Suppose that you own a bulky mountain e-bike and are a heavier person. If that’s the case, your average riding range will be somewhat shorter compared to an average-sized person.
On the other hand, operating a lightweight road e-bike with a standard body size will leave you with more room - or should we say, more miles to conquer before running out of steam.
So, on average, when comparing similar - or nearly identical - batteries, both mountain and road e-bikes offer approximately the same riding range.
When comparing them on the road, a slight gap can be observed when they’re driven by people with different body types.
Most e-bike manufacturers are continuously working on finding the optimal balance between the motor’s power and the battery and nailing the proper weight distribution.
For instance, for the mountain e-bike, we’d recommend that you lean towards the 750W motor models that use a large 48V/14Ah battery that can provide a riding range of more than 37 miles when fully charged.
On the other hand, our advice for the road e-bike segment would have to be a 350W motor with a 36V/10.4Ah Lithium-Ion battery that offers up to 40 miles of riding range.
All of this wouldn’t be possible without a good set of tires, though. So, how about we get right to them - and leave the batteries to charge for the time being?
Most e-bikes are equipped with 16, 20, or 26-inch diameter wheels.
Now, for most people, knowing only that piece of information will be sufficient enough. But for those that are hungry for more knowledge - we’ll let you in some secrets:
Choosing the most oversized tires won’t offer you a better transient time during your everyday bike commutes. On the contrary, if you expect to drive faster just because you installed bigger, fatter tires, you’ll be utterly disappointed with your e-bike’s performance.
And you’ll be better off reinstalling the previous ones.
When it comes to e-bikes, regardless of them being road or mountain-specific - they’ll share the same average speed if fitted with the same tire size.
But, if you wish to add some more swiftness to your journeys, we do recommend smaller tires.
Unfortunately, it’s not quite simple to install smaller tires on a new e-bike, regardless of whether it is a mountain or road type.
We highly recommend that you follow the strict rules given by the e-bike manufacturers, as they ran numerous tests before launching them for sale. And they know what works - and what does not.
The moral of this part of the story is that both road and mountain e-bikes don’t particularly fancy any specific tweaking - although we recently had the pleasure of testing Cannondale Neo bikes that leave enough clearance room for such modifications.
So, it seems to depend on the model.
When it comes to tires, the only thing that you need to worry about is this:
The wider the tires, the more traction you’ll get.
The width of most electric bike tires ranges between 2 to 3 inches. The road e-bikes are mainly manufactured with tires that lean towards the 2-inch mark. On the other hand, mountain e-bikes are mounted with 3-inch tires - or more, venturing into the fat-tire category.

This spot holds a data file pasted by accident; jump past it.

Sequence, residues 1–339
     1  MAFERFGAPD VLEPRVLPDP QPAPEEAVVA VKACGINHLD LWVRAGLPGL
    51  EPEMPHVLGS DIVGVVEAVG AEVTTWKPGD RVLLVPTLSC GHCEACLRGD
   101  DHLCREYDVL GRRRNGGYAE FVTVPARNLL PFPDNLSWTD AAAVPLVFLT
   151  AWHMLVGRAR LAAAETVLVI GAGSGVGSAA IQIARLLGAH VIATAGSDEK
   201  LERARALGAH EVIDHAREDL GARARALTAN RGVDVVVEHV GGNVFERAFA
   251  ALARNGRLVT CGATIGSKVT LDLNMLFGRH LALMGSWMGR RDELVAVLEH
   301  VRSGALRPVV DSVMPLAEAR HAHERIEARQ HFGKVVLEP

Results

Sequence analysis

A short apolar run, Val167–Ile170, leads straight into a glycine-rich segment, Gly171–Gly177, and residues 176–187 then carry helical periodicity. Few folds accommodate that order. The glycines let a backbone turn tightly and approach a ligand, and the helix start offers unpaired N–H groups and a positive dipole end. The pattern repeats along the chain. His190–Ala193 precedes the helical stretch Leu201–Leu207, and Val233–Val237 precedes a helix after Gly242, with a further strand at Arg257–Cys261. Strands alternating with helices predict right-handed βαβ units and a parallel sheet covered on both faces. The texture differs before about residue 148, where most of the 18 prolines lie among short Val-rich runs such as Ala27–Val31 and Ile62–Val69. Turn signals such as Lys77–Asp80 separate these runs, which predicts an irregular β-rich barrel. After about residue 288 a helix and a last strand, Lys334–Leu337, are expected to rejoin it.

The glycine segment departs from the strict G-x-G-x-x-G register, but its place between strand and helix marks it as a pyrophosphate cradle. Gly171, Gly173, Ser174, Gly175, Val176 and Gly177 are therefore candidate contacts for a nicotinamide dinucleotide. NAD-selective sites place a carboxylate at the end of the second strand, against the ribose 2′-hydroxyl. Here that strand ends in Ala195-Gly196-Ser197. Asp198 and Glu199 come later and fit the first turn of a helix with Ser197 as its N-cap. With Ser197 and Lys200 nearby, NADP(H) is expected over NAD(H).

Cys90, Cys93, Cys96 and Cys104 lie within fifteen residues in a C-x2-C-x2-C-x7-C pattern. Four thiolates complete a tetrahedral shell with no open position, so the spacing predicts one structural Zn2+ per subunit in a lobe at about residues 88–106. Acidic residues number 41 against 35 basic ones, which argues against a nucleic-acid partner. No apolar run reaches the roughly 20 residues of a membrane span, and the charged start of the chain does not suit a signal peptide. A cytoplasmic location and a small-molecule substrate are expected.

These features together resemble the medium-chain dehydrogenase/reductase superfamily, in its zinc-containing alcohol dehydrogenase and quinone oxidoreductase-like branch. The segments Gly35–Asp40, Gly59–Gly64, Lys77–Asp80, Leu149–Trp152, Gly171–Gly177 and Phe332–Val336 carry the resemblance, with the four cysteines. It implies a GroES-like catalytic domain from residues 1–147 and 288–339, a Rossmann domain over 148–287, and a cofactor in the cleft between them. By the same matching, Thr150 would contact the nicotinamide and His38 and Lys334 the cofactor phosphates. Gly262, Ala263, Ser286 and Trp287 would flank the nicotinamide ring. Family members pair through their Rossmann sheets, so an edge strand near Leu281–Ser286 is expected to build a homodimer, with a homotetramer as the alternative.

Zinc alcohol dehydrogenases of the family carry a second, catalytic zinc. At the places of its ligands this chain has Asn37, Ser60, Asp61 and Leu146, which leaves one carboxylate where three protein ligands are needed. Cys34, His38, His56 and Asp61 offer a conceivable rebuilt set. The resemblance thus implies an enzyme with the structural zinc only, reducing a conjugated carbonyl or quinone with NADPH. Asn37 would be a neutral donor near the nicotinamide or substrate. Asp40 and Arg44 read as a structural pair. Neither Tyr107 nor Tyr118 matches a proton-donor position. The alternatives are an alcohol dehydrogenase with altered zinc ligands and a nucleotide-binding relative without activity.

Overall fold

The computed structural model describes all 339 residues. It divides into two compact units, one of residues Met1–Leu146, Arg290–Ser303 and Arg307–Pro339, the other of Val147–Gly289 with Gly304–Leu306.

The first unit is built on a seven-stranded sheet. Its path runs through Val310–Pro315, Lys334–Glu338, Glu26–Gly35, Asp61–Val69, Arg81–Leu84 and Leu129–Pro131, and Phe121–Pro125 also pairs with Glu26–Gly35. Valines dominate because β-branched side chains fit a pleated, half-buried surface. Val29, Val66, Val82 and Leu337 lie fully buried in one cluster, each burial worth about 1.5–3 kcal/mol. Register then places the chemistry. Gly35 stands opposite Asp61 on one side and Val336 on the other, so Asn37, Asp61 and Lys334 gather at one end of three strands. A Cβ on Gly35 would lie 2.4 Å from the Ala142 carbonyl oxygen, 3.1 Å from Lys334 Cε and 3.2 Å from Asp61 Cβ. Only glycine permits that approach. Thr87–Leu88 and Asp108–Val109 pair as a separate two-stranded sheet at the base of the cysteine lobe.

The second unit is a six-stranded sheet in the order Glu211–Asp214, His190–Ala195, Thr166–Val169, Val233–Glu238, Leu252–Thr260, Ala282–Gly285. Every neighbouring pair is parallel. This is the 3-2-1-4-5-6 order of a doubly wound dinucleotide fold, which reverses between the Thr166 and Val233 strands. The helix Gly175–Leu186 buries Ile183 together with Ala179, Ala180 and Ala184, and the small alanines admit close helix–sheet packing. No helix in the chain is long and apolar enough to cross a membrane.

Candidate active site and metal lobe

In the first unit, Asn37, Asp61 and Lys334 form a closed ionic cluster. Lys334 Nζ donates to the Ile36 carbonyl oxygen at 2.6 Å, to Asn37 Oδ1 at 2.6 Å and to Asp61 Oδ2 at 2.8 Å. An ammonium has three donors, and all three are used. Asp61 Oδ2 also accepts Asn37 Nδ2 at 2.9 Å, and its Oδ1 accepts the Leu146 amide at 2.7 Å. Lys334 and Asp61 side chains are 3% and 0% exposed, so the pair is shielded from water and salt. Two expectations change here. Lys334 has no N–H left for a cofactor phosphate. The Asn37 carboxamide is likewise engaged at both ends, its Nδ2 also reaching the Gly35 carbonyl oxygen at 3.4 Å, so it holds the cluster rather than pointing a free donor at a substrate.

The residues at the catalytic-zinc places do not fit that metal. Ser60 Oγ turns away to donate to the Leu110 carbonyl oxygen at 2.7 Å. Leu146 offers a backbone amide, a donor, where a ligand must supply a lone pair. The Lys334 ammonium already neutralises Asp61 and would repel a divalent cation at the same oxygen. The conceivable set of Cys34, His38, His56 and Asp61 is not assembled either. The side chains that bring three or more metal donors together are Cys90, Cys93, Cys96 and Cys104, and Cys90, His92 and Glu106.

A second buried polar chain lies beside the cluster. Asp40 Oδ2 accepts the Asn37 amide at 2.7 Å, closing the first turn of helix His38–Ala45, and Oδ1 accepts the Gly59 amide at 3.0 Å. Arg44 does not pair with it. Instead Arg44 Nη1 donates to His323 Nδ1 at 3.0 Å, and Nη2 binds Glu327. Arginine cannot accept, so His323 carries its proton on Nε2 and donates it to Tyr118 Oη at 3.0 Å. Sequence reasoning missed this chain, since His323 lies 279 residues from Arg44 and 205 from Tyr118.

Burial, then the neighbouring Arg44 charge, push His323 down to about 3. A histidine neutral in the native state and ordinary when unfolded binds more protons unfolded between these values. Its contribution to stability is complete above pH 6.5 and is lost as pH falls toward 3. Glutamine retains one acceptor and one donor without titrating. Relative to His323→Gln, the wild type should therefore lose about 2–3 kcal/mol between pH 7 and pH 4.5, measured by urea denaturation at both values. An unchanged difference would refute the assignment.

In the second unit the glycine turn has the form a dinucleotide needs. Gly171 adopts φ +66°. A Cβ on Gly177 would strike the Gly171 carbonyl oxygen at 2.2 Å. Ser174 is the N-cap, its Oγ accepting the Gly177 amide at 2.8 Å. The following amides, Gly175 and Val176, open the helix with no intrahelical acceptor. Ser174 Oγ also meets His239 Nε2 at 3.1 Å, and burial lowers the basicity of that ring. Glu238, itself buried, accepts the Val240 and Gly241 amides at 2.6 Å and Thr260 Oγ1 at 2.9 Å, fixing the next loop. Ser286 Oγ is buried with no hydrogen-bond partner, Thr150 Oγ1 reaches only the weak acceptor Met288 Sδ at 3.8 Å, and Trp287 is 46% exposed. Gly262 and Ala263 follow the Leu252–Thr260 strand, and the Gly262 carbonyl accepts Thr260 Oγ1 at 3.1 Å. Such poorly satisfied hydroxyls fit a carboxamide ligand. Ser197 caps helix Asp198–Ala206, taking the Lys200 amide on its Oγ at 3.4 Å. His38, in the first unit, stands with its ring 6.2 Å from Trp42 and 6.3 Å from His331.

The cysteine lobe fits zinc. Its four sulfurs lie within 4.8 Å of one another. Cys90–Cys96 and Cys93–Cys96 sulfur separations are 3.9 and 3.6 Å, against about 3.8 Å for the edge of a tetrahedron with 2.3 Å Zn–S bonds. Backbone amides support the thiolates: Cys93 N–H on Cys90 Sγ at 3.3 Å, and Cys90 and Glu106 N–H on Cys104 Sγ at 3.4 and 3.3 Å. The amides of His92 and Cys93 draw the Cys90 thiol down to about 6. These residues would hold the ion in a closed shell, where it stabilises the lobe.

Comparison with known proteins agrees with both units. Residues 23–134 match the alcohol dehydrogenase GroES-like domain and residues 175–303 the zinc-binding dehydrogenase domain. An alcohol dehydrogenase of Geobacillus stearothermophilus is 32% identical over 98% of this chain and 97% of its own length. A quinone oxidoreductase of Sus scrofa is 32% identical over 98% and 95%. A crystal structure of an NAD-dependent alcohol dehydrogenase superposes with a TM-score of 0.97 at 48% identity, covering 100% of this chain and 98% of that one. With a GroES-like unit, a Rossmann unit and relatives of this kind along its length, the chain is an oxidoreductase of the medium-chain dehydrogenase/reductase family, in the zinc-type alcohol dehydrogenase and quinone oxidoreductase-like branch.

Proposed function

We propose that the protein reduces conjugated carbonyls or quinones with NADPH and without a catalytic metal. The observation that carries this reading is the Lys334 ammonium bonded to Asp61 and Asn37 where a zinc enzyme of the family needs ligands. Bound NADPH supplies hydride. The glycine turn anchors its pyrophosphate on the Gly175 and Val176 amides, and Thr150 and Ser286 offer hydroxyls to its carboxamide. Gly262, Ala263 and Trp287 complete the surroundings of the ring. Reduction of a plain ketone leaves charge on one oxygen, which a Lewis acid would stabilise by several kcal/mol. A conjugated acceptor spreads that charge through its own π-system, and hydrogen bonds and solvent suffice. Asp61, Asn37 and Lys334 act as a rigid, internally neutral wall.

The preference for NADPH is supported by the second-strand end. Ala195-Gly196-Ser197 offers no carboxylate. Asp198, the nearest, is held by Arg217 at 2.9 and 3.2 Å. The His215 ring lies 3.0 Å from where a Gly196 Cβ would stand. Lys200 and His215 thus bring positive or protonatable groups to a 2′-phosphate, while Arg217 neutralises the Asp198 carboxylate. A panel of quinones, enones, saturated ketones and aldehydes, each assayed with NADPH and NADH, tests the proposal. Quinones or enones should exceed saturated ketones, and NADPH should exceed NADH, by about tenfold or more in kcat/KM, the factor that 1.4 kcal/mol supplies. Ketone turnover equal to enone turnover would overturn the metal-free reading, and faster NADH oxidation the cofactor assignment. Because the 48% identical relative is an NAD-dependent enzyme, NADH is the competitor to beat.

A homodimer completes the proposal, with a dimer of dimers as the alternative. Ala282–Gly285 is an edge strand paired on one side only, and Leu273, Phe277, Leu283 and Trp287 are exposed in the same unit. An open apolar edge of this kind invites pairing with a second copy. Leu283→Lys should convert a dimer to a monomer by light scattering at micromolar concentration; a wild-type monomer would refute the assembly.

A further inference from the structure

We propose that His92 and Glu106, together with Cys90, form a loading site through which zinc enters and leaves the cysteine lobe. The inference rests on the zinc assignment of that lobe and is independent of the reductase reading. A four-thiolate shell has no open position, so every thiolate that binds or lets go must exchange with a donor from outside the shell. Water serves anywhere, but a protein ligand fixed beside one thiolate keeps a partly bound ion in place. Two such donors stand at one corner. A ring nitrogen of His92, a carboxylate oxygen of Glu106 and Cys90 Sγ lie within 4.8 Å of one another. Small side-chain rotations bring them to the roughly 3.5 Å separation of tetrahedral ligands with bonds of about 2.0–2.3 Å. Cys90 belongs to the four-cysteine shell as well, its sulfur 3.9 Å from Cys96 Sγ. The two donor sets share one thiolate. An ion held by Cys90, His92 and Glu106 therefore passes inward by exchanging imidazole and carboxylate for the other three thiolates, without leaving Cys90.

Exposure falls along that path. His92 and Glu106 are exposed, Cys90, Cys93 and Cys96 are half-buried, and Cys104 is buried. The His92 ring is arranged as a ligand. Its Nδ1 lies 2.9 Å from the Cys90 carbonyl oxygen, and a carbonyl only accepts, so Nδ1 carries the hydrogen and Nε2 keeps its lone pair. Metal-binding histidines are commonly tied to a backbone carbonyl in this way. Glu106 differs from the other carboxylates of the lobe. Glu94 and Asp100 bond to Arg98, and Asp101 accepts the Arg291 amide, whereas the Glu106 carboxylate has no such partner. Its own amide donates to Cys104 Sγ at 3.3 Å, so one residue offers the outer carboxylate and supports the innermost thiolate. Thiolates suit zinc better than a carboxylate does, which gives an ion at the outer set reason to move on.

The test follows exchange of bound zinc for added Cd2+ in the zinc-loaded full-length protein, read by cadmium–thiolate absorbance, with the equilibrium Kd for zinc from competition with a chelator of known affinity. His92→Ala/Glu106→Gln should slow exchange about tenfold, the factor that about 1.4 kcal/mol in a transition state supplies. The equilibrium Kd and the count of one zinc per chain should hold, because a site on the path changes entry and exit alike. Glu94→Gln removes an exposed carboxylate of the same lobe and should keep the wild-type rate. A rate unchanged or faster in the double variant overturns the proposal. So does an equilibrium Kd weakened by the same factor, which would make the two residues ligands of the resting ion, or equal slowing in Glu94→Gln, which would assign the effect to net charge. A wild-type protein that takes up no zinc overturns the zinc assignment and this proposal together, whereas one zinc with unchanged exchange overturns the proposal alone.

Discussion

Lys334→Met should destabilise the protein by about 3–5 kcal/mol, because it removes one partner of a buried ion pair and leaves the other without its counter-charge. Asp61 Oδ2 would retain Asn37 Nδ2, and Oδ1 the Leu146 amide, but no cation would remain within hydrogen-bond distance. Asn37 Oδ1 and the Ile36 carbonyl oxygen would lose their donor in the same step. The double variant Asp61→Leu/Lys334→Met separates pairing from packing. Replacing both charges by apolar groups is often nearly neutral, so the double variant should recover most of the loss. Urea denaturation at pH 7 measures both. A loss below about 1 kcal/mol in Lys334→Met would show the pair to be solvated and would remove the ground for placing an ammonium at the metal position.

You’ll find that most feature 26-inch rims, as they offer the perfect balance of stability and speed for newcomers. Anything less than that might prove detrimental in situations that require extra attention, such as accelerating upwards of 20 miles per hour.
Full Suspension Or Hardtail?
Let’s wrap things off with a quick side note on the two types of suspensions - the full suspension and the hardtail suspension.
If you want a road e-bike, we highly recommend getting one with a hardtail suspension system, as they are more affordable and require less overall maintenance.
Contrary to them, choosing a full suspension mountain e-bike is always a more superior choice to the hardtail models.
They are much safer for the rider; they provide more stability and fun in more rural places - and they offer a nice bouncy, shock-absorbing feeling when traversing over uneven, rough terrain.
Road E-Bike Bike Vs. Mountain E-Bike - Wrapping Things Up
As you’ve all witnessed, the similarities between these two bicycles are unfathomably close. So, to crown a champion of this epic road e-bike bike vs. mountain e-bike battle, we should take a quick look at the things previously mentioned:
Both are relative in speed, averaging between 20 and 40 miles per hour, depending on the components - including the motor and battery.
Mountain bikes have more powerful integrated motors, as they are more often used for challenging terrains and uphill rides compared to conventional road e-bikes.
Mountain bikes have better load capacity - a direct result of their more robust frames and overall sturdiness.
Both types are made to be between 40 and 70 pounds, keeping the road e-bikes around the minimal mark and propelling the mountain e-bikes towards the high-end values.
Road e-bikes tend to have narrower tires suitable for high speeds, while mountain bikes usually feature fat tires.
In conclusion, there is no winner - or rather, they are both winners!
Depending on what you wish to achieve and the type of terrain you want to ride on, buying one or the other is perfectly fine. The choice, as always, is yours.